leeway to write a shorter book.
Squeezing in a book between contracted
novels is hard. I chose to write a novella length of about 45,000 words. Much
easier and less time, but still plenty of words to tell a good story.
5. Make it very clear
to your readers that this book will be off-brand.
First, have a good cover
created that adequately depicts this new genre. I chose a picture of a
Yorkshire Terrier for the cover of my novel, That Dog Won’t Hunt. The Yorkie looks just like the precocious
dog in my book, and the cute cover is an immediate notice—This is not a suspense.
Also, I talked about my new venture and upcoming release in
social media and in newsletters to my subscribers, always explaining it was a very
different kind of book for me. I know this all sounds like—well, duh. But you’d
be surprised how readers can miss things. Expectation is everything, especially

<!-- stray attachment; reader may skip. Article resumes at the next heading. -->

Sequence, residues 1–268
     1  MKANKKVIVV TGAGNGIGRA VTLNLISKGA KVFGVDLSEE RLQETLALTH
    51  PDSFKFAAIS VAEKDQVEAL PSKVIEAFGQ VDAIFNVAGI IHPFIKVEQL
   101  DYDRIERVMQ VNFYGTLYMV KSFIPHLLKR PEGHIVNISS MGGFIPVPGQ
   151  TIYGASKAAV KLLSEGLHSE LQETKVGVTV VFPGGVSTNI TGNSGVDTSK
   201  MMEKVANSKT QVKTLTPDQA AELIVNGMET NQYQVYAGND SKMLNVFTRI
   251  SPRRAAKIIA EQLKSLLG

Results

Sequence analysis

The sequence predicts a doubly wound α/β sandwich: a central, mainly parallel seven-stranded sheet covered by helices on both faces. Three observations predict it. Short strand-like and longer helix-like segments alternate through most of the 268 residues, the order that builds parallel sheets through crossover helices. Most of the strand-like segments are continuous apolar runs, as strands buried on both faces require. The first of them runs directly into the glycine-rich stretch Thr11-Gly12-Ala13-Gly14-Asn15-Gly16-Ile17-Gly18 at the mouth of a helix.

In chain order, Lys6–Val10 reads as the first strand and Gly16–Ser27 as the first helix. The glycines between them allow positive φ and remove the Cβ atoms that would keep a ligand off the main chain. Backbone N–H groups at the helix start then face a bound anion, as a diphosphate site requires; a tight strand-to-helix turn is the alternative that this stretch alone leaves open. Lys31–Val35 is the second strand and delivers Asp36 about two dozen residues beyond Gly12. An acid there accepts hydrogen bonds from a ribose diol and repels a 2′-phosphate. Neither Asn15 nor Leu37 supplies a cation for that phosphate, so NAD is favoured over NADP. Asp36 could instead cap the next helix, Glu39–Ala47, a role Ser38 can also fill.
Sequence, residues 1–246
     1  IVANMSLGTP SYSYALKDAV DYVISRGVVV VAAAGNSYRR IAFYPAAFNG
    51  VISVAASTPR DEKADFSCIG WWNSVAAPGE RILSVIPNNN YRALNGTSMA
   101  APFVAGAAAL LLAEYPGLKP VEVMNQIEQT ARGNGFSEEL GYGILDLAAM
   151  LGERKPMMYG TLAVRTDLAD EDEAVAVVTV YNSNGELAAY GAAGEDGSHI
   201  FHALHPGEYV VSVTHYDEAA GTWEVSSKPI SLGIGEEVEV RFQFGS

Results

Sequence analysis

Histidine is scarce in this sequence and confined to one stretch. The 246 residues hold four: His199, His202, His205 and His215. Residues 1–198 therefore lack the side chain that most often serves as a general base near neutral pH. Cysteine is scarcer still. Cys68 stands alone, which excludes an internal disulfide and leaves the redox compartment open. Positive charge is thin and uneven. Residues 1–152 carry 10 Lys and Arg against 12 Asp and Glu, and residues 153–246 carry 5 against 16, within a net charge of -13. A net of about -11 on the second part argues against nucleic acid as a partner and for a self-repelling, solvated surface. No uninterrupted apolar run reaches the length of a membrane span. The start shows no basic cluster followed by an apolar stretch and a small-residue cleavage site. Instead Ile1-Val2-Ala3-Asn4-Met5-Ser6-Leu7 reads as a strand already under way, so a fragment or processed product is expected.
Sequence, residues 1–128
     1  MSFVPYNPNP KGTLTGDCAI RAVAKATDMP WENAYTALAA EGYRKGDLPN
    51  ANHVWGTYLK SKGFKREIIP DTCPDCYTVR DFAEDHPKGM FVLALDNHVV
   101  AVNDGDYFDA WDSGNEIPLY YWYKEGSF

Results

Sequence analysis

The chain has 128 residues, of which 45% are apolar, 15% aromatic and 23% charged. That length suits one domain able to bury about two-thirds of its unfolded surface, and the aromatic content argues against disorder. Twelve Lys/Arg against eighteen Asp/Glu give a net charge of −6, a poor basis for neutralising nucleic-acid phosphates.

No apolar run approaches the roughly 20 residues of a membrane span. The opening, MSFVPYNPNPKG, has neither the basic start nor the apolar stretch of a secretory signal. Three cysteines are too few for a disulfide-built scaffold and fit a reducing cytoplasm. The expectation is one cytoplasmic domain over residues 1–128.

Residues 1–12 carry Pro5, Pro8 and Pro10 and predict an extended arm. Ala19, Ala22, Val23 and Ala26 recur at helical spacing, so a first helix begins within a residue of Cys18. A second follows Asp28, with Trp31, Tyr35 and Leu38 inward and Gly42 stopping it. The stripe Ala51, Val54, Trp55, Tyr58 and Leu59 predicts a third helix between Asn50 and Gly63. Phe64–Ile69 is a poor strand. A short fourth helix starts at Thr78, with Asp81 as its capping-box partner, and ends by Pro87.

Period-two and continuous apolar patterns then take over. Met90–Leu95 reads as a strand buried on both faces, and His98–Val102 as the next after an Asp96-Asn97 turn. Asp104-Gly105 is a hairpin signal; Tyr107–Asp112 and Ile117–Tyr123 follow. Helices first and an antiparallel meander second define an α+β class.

after a decade of my being highly branded under my trademarked Seatbelt
Suspense®. I needed to fully prepare my readers for a humorous yet poignant
look at a loud, loving family in Mississippi.
That Dog Won’t Hunt released around April. I’ve enjoyed
extra income from it ever since—and my readers have enjoyed the story. (I’m now
writing a second book in the series, Pitchin’
a Fit
.) The great thing about self-publishing is that you can track your
sales daily and are paid monthly.
Little did I know in 2012 that this year I’d turn to
self-publishing full time. Why I made that huge decision is another blog post
entirely. (And it’s certainly not the right decision for everyone.) For today I
want to leave you traditionally published authors with the intriguing thought
that perhaps you can have your contract—and eat some cake, too. 

That Dog Won’t Hunt

Meet
the Dearings, a crazy, loving, boisterous family in small-town Mississippi.
There’s mom and dad, three daughters and their families, and the
youngest—twenty-five-year-old Ben. Oh, and the family dog, a Yorkie who thinks
she’s royalty.
“This
one’s perfect,” Ben says about his new fiancée, Christina, when he brings her
home for a family reunion. Ben is just sure everyone will love Christina, and
she’ll fit right in.
He
always did tend to wear rose-colored glasses.
Christina
loves Ben but secretly fears their relationship will never work. They’ve only
known each other ten weeks. She hasn’t told him about her horrific past as an